What is it?
Amoebic dysentery is diarrhoea caused by a type of parasite called an amoeba. People usually get it by eating contaminated food or drinking contaminated water.
Life-cycle of the Entamoeba histolytica
Who may be affected?
Amoebic dysentery is more common in countries where people don’t have clean running water or may have difficulty keeping kitchens and toilets clean. Amoebic dysentery can also be passed from person to person, usually when contact is made with the faeces of an infected person during handshakes, and the contaminated hand is used to feed. Sometimes, the parasites are in the bowel without causing any symptoms, and the individual passes it on to other people.
Amoebic dysentery may also be got if you live in crowded places, have a weak immune system (because you have HIV or are receiving chemotherapy), or through oral or anal sex.
What are the symptoms?
The main symptom is frequent passage of loose or watery stools which may contain blood or mucus later. There could also be:
- bleeding from the rectum
- abdominal pain
- pain when going to the toilet to pass stools
- high fever
- loss of appetite
- Diarrhoea can make you lose too much water (dehydration), but you can prevent this by taking enough water.
What treatments work?
When your doctor has confirmed the presence of amoebic dysentery by performing some tests on your stool and blood, they will prescribe some drugs for you.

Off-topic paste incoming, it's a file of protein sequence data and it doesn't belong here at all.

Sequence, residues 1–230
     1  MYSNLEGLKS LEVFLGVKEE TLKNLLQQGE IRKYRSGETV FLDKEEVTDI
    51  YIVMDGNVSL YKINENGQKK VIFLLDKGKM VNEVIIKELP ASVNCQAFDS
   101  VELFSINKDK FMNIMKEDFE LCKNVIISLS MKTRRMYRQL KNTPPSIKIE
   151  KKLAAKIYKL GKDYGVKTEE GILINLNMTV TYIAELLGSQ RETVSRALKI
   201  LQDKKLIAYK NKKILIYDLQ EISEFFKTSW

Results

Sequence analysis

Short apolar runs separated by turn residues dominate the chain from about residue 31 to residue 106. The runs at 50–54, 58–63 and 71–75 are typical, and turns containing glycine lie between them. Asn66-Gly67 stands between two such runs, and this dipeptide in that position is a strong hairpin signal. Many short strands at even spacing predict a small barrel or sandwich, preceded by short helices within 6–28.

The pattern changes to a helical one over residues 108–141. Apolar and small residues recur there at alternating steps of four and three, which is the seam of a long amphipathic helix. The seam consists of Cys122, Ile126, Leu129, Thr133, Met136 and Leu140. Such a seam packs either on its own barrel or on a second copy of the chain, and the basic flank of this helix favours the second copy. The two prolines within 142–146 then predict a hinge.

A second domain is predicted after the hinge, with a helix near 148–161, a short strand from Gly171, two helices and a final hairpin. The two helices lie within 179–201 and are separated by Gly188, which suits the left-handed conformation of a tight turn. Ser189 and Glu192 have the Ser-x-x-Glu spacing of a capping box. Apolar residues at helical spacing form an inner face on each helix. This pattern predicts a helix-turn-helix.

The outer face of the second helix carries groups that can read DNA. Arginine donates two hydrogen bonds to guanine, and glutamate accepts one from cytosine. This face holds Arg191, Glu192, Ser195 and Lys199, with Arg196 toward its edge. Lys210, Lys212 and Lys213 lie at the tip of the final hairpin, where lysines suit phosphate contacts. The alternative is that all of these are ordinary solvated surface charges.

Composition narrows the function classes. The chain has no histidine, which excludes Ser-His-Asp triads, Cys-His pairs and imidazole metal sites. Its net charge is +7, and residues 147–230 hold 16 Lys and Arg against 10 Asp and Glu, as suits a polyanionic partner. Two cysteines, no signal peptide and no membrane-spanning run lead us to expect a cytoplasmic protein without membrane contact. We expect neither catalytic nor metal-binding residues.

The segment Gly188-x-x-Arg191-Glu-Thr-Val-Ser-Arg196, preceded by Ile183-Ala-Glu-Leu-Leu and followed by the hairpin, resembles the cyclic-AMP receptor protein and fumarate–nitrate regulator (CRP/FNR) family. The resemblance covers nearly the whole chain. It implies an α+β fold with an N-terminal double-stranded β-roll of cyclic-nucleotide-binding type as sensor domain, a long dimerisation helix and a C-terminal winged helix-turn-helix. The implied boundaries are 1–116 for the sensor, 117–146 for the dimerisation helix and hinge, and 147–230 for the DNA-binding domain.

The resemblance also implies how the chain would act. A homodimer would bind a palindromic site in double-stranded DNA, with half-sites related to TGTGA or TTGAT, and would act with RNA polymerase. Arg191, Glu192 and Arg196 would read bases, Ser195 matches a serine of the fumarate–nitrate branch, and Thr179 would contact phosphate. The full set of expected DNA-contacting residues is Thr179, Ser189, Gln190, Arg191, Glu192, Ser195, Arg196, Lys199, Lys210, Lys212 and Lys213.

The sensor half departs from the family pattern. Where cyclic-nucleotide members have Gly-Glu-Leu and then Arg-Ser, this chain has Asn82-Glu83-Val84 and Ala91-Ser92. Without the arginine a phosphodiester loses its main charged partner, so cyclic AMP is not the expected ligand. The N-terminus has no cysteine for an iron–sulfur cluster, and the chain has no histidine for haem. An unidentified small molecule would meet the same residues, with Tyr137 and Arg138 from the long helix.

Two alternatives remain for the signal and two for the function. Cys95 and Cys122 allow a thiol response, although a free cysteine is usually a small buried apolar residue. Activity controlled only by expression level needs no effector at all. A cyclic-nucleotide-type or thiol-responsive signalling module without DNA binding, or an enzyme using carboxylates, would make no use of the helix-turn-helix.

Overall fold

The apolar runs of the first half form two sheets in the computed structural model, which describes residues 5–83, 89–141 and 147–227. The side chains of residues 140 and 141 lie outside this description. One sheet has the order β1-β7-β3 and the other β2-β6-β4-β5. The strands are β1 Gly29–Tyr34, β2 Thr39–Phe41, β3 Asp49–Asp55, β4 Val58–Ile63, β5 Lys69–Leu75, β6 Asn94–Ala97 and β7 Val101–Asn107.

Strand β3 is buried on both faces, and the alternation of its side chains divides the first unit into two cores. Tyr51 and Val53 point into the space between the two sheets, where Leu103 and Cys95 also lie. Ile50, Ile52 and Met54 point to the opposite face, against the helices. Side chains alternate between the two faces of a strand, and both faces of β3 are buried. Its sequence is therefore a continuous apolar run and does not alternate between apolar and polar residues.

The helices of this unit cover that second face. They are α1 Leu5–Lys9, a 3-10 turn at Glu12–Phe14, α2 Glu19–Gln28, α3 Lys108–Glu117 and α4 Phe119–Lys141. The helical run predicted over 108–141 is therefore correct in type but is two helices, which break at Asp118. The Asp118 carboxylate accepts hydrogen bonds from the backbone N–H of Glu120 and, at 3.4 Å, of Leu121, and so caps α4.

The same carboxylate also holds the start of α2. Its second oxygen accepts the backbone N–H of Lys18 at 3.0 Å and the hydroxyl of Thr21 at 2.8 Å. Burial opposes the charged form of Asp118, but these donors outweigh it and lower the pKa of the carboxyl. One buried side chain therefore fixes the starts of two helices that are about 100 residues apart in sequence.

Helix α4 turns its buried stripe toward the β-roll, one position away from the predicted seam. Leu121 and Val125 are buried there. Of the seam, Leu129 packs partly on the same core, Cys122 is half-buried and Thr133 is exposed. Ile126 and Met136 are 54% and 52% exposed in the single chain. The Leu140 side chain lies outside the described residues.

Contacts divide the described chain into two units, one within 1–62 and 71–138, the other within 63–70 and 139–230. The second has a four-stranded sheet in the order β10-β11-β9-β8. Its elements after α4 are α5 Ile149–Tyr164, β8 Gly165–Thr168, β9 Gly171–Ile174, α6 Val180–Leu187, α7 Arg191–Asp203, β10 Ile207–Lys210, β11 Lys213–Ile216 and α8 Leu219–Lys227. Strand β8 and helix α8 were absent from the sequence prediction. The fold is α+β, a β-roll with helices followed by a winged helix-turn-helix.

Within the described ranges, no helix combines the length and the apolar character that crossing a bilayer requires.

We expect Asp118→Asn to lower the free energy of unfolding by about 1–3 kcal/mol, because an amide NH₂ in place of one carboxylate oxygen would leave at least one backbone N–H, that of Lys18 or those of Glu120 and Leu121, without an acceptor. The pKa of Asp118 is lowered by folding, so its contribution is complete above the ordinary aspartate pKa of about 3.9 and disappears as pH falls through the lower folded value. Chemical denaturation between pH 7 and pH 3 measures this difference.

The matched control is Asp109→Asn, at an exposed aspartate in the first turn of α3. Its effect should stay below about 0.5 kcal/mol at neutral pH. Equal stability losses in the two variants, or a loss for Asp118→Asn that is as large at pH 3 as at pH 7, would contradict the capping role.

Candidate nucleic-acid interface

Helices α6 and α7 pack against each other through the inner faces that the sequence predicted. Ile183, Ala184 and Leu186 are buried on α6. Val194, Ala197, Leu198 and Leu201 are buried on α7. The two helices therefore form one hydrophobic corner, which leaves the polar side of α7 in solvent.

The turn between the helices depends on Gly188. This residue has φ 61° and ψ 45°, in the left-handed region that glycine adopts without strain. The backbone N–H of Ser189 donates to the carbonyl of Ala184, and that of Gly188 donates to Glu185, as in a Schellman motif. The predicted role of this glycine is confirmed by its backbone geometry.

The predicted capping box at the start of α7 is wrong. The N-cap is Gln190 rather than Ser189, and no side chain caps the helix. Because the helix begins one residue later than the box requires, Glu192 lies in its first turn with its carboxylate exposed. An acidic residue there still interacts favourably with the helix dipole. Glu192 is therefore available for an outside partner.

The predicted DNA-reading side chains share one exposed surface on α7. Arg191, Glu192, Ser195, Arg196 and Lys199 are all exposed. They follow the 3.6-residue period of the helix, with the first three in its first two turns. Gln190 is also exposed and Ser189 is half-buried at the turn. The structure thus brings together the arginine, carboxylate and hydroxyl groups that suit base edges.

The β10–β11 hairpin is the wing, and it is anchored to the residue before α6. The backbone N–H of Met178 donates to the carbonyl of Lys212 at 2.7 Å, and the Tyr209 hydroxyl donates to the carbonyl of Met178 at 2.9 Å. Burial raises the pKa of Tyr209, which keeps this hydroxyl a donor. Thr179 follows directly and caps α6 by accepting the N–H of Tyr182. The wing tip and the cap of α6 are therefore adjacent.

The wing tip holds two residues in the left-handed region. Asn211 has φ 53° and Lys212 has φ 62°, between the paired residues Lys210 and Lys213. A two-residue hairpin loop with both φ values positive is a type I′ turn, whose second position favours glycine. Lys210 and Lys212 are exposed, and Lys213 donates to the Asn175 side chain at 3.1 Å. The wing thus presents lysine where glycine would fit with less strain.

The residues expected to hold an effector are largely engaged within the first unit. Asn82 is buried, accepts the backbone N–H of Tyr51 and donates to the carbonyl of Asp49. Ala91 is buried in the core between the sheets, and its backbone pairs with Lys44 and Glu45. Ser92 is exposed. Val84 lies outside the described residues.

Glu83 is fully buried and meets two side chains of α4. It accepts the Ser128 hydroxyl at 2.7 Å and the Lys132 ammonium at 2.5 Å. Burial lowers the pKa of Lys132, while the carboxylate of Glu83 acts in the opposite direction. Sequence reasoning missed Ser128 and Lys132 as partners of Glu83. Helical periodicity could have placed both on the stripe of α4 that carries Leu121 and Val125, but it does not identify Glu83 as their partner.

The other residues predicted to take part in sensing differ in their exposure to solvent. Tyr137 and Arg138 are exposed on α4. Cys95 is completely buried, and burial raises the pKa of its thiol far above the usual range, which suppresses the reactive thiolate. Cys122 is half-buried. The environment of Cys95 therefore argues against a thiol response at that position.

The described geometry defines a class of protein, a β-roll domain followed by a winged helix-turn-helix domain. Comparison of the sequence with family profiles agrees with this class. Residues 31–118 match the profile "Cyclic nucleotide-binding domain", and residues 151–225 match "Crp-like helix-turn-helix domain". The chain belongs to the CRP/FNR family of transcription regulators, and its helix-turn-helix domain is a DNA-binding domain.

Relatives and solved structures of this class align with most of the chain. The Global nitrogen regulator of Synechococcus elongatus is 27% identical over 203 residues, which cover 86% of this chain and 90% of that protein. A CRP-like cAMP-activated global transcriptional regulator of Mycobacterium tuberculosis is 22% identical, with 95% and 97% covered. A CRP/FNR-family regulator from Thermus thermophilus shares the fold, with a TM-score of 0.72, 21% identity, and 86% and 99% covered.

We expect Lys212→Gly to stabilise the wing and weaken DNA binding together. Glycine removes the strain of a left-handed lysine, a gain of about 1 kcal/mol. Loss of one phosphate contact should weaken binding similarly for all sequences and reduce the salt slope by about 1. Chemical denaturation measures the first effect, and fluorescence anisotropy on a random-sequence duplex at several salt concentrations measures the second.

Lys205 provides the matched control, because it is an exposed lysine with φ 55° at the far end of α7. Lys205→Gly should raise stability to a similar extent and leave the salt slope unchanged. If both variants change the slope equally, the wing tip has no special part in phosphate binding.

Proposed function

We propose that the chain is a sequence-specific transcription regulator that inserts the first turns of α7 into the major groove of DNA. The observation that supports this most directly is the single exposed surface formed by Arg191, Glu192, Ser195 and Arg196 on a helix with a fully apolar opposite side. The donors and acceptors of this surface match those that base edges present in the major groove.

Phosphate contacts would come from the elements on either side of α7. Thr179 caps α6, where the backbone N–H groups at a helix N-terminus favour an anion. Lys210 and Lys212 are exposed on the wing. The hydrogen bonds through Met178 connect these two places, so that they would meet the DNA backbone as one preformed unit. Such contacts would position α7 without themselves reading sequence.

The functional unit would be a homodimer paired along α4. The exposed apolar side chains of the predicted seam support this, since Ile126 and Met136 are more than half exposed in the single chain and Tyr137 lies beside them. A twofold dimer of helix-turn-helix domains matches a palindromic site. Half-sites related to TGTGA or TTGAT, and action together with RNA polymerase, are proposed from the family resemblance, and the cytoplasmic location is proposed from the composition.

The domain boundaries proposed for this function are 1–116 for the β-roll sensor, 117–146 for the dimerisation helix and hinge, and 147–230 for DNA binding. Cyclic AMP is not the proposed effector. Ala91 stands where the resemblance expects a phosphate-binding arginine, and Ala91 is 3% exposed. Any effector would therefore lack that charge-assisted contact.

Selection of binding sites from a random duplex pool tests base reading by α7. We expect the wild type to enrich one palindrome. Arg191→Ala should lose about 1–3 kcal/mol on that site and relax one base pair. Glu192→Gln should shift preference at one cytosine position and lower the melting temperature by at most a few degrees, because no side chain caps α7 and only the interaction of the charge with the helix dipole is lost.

Metronidazole or Tinidazole may be given for about 5 days. After treatment of the invasive disease, the bowel should be cleared of parasites with a drug such as diloxanide furoate which is effective in killing parasites in the gut. This may be taken for about 10 days, and it helps prevent you from transmitting the infection to others.
These medicines for amoebic dysentery can have side effects in some people, but they
are usually mild. They include:
• nausea and vomiting
• pain in your abdomen, and diarrhoea
• a bitter metallic taste in your mouth or a tongue that looks coated (furry)
• weakness or dizziness
• dark-coloured urine
• pain while urinating
• loss of appetite
• trouble sleeping
• blurred vision or headaches.
What will happen to me?
If the infection is not treated early, complications may occur. These include involvement of the liver, which can cause swelling in your abdomen.
Sometimes the amoebas can cause a more serious condition called fulminant colitis, in which your bowel is severely swollen and your abdomen painful all over. It is however rare but can be life threatening.
It’s important that you see a doctor as soon as possible if you get any of these symptoms.
Amoebiasis is difficult to eradicate because of the substantial human reservoir of infection. The only progress will be through improved standards of hygiene, sanitation and better access to clean water. The parasites are destroyed by boiling, but chlorine and iodine sterilizing tablets are not always effective.